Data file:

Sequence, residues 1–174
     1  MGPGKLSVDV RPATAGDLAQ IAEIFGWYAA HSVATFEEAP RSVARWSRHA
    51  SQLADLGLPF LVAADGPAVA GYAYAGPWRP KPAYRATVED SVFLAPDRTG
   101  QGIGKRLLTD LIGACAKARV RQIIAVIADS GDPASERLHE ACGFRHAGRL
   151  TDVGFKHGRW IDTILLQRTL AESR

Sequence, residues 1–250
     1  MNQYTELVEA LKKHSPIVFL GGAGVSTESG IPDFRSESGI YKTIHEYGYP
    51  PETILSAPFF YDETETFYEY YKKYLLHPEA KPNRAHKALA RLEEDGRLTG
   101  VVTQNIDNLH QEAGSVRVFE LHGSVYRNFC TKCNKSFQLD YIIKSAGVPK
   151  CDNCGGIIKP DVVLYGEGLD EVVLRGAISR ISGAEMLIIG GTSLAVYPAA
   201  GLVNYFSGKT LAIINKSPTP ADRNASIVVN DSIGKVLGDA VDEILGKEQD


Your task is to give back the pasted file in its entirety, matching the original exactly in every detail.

Sequence, residues 1–174
     1  MGPGKLSVDV RPATAGDLAQ IAEIFGWYAA HSVATFEEAP RSVARWSRHA
    51  SQLADLGLPF LVAADGPAVA GYAYAGPWRP KPAYRATVED SVFLAPDRTG
   101  QGIGKRLLTD LIGACAKARV RQIIAVIADS GDPASERLHE ACGFRHAGRL
   151  TDVGFKHGRW IDTILLQRTL AESR

Sequence, residues 1–250
     1  MNQYTELVEA LKKHSPIVFL GGAGVSTESG IPDFRSESGI YKTIHEYGYP
    51  PETILSAPFF YDETETFYEY YKKYLLHPEA KPNRAHKALA RLEEDGRLTG
   101  VVTQNIDNLH QEAGSVRVFE LHGSVYRNFC TKCNKSFQLD YIIKSAGVPK
   151  CDNCGGIIKP DVVLYGEGLD EVVLRGAISR ISGAEMLIIG GTSLAVYPAA
   201  GLVNYFSGKT LAIINKSPTP ADRNASIVVN DSIGKVLGDA VDEILGKEQD